Analgesic effect of magnesium sulfate during total intravenous anesthesia: randomized clinical study
Introduction and objective
: Opioids have usually been used as intraoperative analgesic components, regardless of the many adverse effects they are associated with, such as nausea, vomiting, respiratory depression, and hyperalgesia. Several approaches have been investigated to reduce doses used, and magnesium sulfate has been shown to be a valuable analgesic adjunct. The main objective of the present trial was to evaluate the effectiveness of magnesium sulfate as the chief intraoperative analgesic, and the secondary objectives were to assess propofol consumption, postoperative analgesia, and intraoperative hemodynamic stability.
In this prospective, double-blind trial, 50 patients scheduled to undergo post-bariatric abdominoplasty under general intravenous anesthesia were divided into two groups, to receive remifentanil or magnesium sulfate as intraoperative analgesic. Fentanyl 1 µg.kg-1 was the rescue analgesic.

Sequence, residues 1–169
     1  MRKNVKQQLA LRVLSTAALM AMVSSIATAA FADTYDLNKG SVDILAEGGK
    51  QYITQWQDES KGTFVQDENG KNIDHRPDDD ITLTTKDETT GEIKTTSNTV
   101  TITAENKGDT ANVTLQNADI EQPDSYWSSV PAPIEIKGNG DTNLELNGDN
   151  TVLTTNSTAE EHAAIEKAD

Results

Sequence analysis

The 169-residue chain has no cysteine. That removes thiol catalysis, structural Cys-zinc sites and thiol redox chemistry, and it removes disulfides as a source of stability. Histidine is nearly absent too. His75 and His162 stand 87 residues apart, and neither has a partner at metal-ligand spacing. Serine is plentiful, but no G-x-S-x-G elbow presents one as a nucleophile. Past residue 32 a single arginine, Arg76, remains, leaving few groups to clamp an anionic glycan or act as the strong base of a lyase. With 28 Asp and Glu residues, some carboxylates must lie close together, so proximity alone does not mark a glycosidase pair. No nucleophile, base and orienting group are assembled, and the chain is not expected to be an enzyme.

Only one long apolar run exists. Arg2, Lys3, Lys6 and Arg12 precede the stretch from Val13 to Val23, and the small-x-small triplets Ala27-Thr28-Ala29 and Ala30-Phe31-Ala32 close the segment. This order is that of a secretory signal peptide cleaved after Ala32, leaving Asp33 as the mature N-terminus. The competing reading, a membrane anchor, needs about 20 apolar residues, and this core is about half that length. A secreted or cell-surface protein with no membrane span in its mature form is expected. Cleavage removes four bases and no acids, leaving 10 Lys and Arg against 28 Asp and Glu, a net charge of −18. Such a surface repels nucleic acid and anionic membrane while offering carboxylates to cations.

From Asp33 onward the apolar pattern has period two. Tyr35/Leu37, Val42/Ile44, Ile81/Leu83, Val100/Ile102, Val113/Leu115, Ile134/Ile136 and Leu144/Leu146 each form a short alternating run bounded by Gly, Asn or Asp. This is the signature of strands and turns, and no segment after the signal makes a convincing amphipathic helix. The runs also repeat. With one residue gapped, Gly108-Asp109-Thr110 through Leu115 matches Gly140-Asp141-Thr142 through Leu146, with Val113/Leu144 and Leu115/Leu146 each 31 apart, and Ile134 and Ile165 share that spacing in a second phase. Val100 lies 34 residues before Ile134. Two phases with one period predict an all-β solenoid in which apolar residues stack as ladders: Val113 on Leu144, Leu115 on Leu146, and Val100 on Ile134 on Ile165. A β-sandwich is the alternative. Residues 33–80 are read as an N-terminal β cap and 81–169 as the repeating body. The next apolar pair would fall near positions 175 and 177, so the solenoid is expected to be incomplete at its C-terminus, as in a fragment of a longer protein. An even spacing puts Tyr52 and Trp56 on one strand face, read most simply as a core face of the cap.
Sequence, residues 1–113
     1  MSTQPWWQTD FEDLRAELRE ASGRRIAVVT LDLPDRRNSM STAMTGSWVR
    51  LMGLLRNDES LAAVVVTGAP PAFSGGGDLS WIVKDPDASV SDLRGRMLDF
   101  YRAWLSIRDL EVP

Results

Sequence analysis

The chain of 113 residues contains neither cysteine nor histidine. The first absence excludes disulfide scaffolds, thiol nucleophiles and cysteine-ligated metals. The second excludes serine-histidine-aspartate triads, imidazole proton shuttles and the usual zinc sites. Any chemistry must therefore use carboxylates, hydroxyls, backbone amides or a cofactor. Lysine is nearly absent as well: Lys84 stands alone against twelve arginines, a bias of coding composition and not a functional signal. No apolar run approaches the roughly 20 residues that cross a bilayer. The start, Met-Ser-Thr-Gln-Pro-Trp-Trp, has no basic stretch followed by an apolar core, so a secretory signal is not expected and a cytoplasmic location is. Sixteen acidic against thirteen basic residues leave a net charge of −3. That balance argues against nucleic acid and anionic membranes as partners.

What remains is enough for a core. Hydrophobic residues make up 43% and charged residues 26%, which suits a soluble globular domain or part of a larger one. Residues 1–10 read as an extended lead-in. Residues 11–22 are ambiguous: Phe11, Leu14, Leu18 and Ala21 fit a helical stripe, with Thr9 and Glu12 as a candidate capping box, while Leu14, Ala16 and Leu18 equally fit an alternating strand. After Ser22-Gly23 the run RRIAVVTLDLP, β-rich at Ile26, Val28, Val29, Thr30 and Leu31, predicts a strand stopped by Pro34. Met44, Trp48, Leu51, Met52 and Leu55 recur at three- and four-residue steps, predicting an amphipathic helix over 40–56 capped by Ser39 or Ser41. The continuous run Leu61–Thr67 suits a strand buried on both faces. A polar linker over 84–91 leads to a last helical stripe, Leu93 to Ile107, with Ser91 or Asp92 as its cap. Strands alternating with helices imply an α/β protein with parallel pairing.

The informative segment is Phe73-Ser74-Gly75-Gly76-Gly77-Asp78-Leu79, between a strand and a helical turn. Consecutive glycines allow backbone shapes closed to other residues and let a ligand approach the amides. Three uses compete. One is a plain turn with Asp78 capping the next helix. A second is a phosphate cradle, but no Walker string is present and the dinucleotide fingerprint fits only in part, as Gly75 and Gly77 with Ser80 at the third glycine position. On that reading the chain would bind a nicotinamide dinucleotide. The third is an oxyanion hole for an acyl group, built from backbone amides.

Among the patients in the group receiving Magnesium Sulfate (MSG), 64% did not need supplemental analgesia and none of the patients in the Remifentanil Group (RG) required fentanyl. MSG patients showed propofol consumption 36.6% higher (guided by the Bispectral Index – BIS). MSG patients consumed significantly less ephedrine (mean ± SD) than RG patients, respectively 1.52 ± 4.38 mg and 10 ± 10.39 mg,p < 0.001. Mean values of blood concentrations of magnesium were comparable to values previously described in the literature.
Magnesium sulfate is a safe and effective option for intraoperative analgesia, when avoiding or decreasing opioid use is required.